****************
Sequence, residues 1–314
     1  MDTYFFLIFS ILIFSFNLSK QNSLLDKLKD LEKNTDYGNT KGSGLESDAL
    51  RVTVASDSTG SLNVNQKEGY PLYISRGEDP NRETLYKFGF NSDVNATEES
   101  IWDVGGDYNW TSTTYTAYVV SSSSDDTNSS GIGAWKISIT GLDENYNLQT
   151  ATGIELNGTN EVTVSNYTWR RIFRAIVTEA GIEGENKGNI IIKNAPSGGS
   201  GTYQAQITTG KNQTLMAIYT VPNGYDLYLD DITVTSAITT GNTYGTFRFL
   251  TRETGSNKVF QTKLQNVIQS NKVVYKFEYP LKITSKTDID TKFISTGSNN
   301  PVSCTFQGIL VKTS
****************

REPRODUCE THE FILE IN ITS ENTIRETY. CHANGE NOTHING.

Sequence, residues 1–314
     1  MDTYFFLIFS ILIFSFNLSK QNSLLDKLKD LEKNTDYGNT KGSGLESDAL
    51  RVTVASDSTG SLNVNQKEGY PLYISRGEDP NRETLYKFGF NSDVNATEES
   101  IWDVGGDYNW TSTTYTAYVV SSSSDDTNSS GIGAWKISIT GLDENYNLQT
   151  ATGIELNGTN EVTVSNYTWR RIFRAIVTEA GIEGENKGNI IIKNAPSGGS
   201  GTYQAQITTG KNQTLMAIYT VPNGYDLYLD DITVTSAITT GNTYGTFRFL
   251  TRETGSNKVF QTKLQNVIQS NKVVYKFEYP LKITSKTDID TKFISTGSNN
   301  PVSCTFQGIL VKTS